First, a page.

COMMENTS: Don’t forget that the new 3.8% “Obamacare” taxes will also now apply to these items. If your AGI is over $450,000 as married filing jointly or $400,000 as single, your effective capital gain and dividend rate may be 23.8%. If your AGI is over $250,000 as married filing jointly or $200,000 as single, your effective capital gain and dividend rate may be 18.8%.
5. Estate and Gift Tax Rates. The maximum rates are increased to 40%.
COMMENT: At least this is better than the 55% rate that was scheduled to apply.
6. Unified Credit for Transfer Taxes/GST Exemption. Retained at $5 million, as adjusted for inflation. Portability of unused credit between spouses has also been retained.
COMMENT: This is a positive piece of this legislation and I suggest you still use appropriate gifting to reduce your taxable estate (if applicable).
7. AMT Relief. Relief has been made permanent by a permanent increase in exemption amounts, and the index of those amounts with inflation. This should minimize the increase of more and more taxpayers into the AMT.
COMMENT: This permanent increase is also positive news, but getting rid of the AMT or higher exemption amounts would have been even better.
8. Payroll Tax Cut Allowed to Expire. While technically not part of the new law, Congress has let the temporary reduction in payroll taxes expire. Effective January 1, 2013, the employee portion of Social Security tax on wages will increase to 6.2% (up from 4.2% in 2011 and 2012).
COMMENT: Wage earners in all tax brackets will feel the pain of this expiration in their take-home pay starting now.
9. Child Tax Credit, Earned Income Credits and Education Credits. The increased child tax credits and earned income credits and the expanded education credits have been extended for five years.
COMMENT: This extension is great news for people who are able to actually take full advantage of these credits. The income phase-outs on these credits are still in full effect and may limit how much they apply to your income tax situation.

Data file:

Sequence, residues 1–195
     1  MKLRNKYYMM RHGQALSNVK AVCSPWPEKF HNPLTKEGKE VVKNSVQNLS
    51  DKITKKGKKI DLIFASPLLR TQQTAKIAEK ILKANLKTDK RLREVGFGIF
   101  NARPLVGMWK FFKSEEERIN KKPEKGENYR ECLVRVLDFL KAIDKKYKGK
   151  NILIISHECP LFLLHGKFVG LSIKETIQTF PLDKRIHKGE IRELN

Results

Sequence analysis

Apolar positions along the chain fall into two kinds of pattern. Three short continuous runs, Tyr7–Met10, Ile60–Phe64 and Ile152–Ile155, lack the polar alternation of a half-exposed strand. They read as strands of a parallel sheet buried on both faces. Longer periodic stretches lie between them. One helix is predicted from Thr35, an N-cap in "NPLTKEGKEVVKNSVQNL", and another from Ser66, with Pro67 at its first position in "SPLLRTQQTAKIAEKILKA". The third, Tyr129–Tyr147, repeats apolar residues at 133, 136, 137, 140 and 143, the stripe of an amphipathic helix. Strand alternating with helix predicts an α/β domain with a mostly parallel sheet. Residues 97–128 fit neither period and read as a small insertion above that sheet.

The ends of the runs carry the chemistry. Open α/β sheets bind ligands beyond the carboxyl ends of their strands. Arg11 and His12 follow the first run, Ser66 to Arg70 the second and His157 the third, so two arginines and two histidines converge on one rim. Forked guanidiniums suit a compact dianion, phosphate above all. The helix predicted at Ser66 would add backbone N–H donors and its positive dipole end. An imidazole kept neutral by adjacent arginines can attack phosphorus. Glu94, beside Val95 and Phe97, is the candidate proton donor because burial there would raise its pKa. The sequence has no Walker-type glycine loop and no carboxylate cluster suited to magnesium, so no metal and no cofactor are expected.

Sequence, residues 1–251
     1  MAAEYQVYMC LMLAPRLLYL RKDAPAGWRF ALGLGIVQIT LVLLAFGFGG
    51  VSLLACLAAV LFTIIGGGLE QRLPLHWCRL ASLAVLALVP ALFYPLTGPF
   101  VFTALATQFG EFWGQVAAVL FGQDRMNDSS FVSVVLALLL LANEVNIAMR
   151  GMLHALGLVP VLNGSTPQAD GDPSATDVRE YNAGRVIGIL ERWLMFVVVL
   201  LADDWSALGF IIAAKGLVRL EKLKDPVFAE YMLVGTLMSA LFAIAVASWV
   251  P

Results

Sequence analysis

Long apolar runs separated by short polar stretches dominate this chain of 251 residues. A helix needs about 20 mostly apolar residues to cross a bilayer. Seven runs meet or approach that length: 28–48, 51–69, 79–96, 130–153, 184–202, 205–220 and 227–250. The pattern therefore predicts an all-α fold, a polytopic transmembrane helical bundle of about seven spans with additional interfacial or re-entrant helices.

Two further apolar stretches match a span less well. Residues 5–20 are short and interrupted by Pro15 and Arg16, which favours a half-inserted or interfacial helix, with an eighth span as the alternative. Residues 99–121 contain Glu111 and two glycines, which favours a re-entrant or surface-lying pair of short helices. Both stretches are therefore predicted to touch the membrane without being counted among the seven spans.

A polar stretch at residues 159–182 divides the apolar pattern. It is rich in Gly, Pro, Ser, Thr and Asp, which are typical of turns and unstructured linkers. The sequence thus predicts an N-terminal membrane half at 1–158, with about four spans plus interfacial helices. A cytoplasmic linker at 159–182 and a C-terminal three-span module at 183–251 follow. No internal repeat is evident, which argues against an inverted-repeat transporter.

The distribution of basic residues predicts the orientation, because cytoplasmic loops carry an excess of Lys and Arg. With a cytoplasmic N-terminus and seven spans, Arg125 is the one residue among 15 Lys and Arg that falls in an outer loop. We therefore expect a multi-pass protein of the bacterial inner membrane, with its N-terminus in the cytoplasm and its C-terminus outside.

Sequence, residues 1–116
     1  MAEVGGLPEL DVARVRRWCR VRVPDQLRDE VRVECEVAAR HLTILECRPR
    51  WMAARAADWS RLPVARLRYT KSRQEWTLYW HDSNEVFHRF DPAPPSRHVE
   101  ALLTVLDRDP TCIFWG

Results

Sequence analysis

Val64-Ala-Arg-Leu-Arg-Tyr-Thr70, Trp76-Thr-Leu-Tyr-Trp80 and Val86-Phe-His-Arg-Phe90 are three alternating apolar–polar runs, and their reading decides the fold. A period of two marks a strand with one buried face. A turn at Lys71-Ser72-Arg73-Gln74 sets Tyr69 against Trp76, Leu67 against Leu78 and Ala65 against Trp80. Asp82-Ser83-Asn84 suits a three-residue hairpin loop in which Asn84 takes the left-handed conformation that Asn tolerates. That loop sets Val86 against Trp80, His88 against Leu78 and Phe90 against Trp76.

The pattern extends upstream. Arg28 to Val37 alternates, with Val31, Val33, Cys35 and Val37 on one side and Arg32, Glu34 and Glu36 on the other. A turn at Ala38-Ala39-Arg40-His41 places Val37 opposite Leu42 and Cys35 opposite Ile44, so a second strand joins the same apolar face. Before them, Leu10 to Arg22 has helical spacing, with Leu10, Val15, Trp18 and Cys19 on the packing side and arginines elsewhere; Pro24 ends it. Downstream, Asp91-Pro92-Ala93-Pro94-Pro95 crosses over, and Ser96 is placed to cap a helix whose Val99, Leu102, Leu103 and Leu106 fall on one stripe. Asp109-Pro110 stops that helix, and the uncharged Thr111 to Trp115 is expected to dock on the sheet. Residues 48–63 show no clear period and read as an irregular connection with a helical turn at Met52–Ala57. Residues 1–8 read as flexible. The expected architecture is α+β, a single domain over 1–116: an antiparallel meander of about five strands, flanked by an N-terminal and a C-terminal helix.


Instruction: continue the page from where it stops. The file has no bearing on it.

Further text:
10. Bonus Depreciation and Section 179. 50% bonus depreciation is back for 2013 and the section 179 limit has been increased to $500,000 ($2M purchase limit).
COMMENT: This piece of the legislation is good for businesses that want to accelerate depreciation of new assets that have been purchased. As usual, I still recommend you use common sense and not buy a vehicle or piece of equipment just for a tax write-off. I hope most of you really question that friend or relative that buys new vehicles or equipment every year because “my CPA said I need to spend money”.
Obviously, I have not covered every possible way that the new legislation may affect your specific tax situation but hopefully I educated you a small bit. I am attaching the following links in case you want to learn more about this new legislation, or if you want to learn more about staying connected to me through social media outlets. As always, if you would like to discuss your specific tax or accounting situation, call me directly at 281-578-2002 or email me at firstname.lastname@example.org. I hope 2013 is off to a great start for you and I wish you all the best.
Marcus Dillon, CPA
For more about the American Taxpayer Relief Act of 2012: http://tax.cchgroup.com/downloads/files/pdfs/legislation/ATPR.pdf